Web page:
In “Opportunities to Increase Housing Production and Preservation” Gray and Blumenthal said: “The consequences of inadequate supply are higher housing costs for both renting and buying a home.” The New Dems and others said similarly (see the report linked above). “Without significant new supply, cost burdens are likely to increase.” new home construction. The “data emphasize the urgency of employing opportunities for increasing the supply of housing…”
“The regulatory environment — federal, state, and local…contributes to the extensive mismatch between supply and need has worsened…Federally sponsored commissions, task forces, and councils under both Democratic and Republican administrations…examined…land use regulations on affordable housing for more than 50 years. Numerous studies find land use regulations…limit the number of new units…or impose significant costs on development through fees and long approval processes drive up housing costs,” said Blumenthal and Gray.
MHARR CEO Mark Weiss, J.D., explained how the enhanced preemption provision of the MHIA could resolve placement barriers. “With this statutory amendment, Congress made two key changes to federal preemption,” wrote Weiss. “First, it legislatively overruled – with express, unequivocal and unmistakable language – HUD OGC’s determination that the scope of federal preemption should be construed narrowly. Second – and…directly contrary to HUD’s narrow approach to preemption — it explicitly expanded the scope of [federal enhanced] preemption.”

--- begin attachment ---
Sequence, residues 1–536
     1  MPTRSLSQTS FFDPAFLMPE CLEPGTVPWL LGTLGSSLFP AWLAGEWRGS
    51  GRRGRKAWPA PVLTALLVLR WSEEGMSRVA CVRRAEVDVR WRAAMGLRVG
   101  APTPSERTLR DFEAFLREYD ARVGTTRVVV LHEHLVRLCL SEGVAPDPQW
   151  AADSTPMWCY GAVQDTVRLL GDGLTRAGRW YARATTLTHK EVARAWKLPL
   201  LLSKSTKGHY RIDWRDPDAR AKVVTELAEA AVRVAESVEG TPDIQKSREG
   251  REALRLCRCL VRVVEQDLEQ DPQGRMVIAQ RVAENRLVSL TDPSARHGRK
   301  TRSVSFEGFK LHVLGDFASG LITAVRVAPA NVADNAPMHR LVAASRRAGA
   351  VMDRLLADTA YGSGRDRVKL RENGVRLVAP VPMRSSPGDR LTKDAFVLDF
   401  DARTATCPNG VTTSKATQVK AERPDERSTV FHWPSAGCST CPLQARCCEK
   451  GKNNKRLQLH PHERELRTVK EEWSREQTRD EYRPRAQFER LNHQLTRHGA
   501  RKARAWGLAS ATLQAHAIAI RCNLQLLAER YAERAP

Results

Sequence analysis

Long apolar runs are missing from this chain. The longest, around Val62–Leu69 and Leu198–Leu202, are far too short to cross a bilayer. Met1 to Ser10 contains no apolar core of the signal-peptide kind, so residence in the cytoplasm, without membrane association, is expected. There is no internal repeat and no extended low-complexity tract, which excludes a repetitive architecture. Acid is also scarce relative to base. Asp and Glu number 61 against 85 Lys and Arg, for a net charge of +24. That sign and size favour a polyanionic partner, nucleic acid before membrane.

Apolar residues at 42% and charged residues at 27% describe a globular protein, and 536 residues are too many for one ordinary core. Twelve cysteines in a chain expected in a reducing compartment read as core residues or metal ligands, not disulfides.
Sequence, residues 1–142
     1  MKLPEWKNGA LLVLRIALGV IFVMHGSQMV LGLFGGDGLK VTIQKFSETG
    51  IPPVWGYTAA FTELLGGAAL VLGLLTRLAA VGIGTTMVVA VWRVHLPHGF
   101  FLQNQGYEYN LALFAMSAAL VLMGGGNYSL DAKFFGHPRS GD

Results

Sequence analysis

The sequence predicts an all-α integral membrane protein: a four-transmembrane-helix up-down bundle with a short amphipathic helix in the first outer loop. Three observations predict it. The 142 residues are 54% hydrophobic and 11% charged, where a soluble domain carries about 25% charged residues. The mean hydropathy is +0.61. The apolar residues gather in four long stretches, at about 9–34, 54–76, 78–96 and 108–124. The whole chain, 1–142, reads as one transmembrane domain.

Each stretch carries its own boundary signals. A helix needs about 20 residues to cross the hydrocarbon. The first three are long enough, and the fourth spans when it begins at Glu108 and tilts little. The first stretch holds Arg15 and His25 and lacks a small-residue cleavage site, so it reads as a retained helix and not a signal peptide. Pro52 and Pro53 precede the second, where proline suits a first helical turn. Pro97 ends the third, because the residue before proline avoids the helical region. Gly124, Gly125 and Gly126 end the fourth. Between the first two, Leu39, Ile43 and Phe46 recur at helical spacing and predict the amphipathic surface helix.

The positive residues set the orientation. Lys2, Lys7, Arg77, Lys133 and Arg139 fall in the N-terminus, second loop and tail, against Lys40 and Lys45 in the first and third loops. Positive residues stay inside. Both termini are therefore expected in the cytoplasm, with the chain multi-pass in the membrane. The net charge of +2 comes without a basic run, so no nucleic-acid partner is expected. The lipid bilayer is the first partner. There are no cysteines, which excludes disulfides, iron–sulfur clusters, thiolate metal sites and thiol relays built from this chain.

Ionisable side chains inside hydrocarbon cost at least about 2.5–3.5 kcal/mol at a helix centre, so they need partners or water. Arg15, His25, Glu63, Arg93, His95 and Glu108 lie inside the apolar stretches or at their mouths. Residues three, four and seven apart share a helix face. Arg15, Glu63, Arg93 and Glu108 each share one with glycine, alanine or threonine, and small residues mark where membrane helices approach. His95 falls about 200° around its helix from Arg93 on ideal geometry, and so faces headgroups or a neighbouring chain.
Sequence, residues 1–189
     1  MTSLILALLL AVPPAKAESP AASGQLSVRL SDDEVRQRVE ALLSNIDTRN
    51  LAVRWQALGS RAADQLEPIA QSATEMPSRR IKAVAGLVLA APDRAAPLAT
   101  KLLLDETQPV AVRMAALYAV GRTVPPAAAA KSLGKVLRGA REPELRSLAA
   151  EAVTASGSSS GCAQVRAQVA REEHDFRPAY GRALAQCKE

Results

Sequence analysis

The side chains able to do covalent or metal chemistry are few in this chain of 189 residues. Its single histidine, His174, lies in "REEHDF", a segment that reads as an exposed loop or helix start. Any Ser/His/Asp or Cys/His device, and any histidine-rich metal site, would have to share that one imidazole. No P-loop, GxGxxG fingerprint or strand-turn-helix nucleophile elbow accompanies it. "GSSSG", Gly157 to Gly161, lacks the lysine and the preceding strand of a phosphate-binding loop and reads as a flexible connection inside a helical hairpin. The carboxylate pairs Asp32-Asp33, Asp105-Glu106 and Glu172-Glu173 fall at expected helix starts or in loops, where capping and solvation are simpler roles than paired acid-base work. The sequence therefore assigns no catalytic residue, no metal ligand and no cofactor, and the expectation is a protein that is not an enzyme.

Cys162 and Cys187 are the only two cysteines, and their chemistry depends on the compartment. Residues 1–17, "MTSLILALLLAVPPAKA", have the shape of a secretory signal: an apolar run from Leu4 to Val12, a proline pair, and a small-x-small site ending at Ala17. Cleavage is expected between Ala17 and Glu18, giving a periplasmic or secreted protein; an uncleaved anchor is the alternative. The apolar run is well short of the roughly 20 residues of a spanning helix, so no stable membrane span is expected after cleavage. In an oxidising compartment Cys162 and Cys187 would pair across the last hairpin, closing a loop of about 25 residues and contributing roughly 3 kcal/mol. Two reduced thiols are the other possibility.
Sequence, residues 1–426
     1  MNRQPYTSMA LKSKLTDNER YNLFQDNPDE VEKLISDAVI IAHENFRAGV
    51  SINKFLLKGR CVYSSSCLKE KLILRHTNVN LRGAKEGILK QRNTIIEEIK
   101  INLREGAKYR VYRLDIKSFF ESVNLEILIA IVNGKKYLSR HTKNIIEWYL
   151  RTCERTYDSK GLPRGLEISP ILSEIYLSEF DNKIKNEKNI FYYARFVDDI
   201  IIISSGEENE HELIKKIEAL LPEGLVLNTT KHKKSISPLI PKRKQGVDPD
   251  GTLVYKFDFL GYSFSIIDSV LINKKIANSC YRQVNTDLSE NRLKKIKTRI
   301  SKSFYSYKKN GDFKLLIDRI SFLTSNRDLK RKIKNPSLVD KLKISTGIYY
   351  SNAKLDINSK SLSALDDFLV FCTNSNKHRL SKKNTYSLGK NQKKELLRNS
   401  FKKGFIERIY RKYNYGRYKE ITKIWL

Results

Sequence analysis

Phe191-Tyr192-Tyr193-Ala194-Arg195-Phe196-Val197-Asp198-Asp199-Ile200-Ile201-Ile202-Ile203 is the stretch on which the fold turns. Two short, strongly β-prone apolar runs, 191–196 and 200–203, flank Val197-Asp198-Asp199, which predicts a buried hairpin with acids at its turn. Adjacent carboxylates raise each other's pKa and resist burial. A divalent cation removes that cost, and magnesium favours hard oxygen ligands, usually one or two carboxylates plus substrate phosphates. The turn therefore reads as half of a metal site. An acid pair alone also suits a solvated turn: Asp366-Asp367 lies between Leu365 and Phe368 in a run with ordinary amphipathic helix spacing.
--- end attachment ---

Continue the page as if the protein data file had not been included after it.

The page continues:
Then Representative Barney Frank (MA-D) and Representative Maxine Waters (CA-D) were among those (see the enhanced preemption quote graphic provided) who signed a letter to then HUD Secretary Mel Martinez. They said “these combined changes” from the MHIA “have given HUD…legal authority to preempt local zoning requirements…simply because they are HUD Code [manufactured] homes. We ask that HUD use this authority…that…comports with Congressional intent.”
Linked reports shed more light.
Enforcing existing laws is essential, per-MHARR’s Weiss and Danny Ghorbani.##
Video interview with Bill Matchneer, JD, Prior Office of Manufactured Housing Programs director, HUD Code Manufactured Housing, also previously with CFPB.